eels' or suckers' nests, and lined with musquash-cabins,
but free from rapids, according to Fowler, excepting at
its outlet from the lake. He was at this time engaged
in cutting the native grass rush-grass and meadow-
clover, as he called it on the meadows and small, low
islands of this stream. We noticed flattened places in
the grass on either side, where, he said, a moose had
laid down the night before, adding, that there were
thousands in these meadows.

Old Fowler's, on the Millinocket, six miles from
McCauslin's, and twenty-four from the Point, is the
last house. Gibson's, on the Sowadnehunk, is the only
clearing above, but that had proved a failure, and was
long since deserted. Fowler is the oldest inhabitant of
these woods. He formerly lived a few miles from here,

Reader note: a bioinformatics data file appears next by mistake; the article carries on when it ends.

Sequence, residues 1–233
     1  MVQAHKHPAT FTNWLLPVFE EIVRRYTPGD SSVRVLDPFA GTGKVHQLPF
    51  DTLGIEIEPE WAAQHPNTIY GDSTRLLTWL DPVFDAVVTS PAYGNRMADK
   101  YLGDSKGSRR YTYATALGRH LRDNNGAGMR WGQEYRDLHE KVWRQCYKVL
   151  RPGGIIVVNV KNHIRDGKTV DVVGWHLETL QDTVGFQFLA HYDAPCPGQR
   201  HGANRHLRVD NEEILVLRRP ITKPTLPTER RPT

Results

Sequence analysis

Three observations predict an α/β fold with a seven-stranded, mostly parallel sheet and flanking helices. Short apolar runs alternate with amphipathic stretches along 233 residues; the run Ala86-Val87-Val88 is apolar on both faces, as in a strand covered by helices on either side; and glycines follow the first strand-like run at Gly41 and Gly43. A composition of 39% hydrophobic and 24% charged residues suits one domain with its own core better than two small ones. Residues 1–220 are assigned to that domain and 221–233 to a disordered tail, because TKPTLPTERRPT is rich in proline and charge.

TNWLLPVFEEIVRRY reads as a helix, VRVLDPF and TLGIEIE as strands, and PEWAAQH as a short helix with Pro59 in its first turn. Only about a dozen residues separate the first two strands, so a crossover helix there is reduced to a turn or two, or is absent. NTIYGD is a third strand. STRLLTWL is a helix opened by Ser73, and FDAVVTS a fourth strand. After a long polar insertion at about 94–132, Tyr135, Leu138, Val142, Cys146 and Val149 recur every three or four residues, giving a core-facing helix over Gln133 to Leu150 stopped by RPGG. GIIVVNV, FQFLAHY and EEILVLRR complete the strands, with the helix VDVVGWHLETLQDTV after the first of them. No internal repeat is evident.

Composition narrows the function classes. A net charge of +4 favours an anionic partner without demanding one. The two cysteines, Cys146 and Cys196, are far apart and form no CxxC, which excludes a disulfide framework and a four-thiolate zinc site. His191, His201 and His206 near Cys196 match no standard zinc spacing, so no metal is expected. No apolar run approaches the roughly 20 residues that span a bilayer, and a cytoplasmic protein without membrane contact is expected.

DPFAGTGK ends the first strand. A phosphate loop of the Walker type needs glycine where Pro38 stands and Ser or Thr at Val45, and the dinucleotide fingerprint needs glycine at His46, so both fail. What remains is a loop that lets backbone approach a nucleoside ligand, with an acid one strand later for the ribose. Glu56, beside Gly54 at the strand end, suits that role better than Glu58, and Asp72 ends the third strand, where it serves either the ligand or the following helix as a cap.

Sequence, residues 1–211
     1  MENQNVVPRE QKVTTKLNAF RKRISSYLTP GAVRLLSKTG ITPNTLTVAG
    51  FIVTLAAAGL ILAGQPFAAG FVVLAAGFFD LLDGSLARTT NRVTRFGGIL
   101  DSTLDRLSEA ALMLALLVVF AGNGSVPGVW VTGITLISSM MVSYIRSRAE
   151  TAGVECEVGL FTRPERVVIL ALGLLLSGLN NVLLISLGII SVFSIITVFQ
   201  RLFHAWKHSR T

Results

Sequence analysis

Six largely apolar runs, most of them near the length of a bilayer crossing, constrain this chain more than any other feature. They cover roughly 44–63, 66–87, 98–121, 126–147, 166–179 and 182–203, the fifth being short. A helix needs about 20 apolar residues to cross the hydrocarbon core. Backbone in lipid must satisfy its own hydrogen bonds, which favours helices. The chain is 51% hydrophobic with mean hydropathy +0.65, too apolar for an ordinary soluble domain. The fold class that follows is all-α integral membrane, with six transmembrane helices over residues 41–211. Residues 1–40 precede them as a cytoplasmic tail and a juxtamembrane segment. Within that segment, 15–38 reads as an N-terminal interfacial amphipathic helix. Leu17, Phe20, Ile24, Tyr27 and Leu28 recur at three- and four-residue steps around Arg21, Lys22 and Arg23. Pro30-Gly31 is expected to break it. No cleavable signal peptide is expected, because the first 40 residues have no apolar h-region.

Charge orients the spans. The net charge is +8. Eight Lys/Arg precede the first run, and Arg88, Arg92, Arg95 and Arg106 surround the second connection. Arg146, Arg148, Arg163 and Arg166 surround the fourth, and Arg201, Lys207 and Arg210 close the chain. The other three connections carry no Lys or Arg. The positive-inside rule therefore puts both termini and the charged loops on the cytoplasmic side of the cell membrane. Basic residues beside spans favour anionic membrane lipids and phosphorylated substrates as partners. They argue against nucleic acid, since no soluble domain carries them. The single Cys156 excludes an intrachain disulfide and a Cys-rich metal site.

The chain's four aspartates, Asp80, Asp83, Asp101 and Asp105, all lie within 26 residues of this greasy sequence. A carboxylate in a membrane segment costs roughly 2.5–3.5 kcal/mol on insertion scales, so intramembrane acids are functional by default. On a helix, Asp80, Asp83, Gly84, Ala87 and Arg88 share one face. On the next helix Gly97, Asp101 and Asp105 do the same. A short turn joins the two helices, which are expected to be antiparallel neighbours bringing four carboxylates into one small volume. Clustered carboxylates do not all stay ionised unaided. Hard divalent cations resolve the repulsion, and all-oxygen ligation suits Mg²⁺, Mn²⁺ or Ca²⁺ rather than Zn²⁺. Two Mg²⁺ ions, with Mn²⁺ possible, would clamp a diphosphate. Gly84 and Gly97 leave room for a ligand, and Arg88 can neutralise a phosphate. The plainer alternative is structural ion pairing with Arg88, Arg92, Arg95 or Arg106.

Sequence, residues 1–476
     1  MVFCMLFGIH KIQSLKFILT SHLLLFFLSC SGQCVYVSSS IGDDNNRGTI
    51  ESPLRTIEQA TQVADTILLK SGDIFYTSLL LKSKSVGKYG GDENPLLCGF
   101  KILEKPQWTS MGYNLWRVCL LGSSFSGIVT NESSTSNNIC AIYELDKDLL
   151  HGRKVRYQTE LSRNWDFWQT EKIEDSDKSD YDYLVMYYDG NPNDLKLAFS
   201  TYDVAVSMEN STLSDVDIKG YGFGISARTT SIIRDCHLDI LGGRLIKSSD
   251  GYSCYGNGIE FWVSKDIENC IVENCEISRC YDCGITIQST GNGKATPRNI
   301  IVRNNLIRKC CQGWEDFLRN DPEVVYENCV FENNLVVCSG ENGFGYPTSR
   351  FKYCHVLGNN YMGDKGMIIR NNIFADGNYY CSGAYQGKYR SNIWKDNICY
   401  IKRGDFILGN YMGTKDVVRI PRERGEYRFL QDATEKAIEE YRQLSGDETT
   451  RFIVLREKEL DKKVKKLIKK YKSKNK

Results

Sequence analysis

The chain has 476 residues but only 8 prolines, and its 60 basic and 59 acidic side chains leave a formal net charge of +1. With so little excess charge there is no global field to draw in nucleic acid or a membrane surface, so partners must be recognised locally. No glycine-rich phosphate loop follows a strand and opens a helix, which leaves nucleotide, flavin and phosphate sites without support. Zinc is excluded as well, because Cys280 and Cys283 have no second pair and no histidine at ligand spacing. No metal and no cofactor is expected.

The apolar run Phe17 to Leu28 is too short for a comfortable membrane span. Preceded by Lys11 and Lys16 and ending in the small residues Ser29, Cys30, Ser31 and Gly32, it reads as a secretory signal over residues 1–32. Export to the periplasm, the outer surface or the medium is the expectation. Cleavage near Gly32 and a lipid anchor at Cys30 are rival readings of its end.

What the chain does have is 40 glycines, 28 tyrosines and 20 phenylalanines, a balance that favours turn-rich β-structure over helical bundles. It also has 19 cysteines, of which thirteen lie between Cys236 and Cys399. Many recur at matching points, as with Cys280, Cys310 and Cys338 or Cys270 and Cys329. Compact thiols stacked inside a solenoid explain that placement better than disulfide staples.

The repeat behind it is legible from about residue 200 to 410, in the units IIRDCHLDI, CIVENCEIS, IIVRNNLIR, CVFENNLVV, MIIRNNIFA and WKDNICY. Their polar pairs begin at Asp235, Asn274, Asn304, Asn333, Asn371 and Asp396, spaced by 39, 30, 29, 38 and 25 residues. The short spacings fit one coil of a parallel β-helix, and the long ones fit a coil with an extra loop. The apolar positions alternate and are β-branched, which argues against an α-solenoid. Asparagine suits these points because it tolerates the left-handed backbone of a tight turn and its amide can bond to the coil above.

on the south side of the West Branch, where he built his
house sixteen years ago, the first house built above the
Five Islands. Here our new batteau was to be carried


over the first portage of two miles, round the Grand
Falls of the Penobscot, on a horse-sled made of saplings,
to jump the numerous rocks in the way; but we had to
wait a couple of hours for them to catch the horses,
which were pastured at a distance, amid the stumps, and
had wandered still farther off. The last of the salmon
for this season had just been caught, and were still fresh
in pickle, from which enough was extracted to fill our
empty kettle, and so graduate our introduction to sim
pler forest fare. The week before they had lost nine
sheep here out of their first flock, by the wolves. The
surviving sheep came round the house, and seemed
frightened, which induced them to go and look for the
rest, when they found seven dead and lacerated, and
two still alive. These last they carried to the house, and,
as Mrs. Fowler said, they were merely scratched in the
throat, and had no more visible wound than would be